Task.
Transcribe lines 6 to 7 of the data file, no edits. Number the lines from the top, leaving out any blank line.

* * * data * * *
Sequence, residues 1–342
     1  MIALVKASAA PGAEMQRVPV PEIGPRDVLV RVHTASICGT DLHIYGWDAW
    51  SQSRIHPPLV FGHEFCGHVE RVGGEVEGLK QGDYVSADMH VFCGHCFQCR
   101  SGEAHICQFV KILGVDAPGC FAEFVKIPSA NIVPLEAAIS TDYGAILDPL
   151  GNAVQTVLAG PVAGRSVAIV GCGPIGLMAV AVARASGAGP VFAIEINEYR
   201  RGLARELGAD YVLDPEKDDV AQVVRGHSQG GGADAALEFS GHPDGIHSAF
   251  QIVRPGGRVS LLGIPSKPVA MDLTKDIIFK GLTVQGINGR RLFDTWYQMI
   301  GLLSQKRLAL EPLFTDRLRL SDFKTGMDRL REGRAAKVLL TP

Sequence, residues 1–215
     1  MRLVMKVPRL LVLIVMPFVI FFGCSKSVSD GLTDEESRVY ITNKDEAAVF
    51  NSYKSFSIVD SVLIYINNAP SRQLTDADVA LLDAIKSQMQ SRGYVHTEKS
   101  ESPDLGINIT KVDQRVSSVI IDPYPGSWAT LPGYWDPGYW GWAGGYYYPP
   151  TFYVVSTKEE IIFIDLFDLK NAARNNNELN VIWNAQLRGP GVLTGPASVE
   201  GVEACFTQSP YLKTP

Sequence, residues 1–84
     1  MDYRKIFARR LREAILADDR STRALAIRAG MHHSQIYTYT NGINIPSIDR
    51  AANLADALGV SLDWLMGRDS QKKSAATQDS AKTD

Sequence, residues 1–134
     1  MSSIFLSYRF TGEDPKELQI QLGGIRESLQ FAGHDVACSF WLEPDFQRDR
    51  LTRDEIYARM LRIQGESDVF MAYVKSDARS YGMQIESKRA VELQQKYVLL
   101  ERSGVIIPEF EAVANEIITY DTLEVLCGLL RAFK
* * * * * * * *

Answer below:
   201  RGLARELGAD YVLDPEKDDV AQVVRGHSQG GGADAALEFS GHPDGIHSAF
   251  QIVRPGGRVS LLGIPSKPVA MDLTKDIIFK GLTVQGINGR RLFDTWYQMI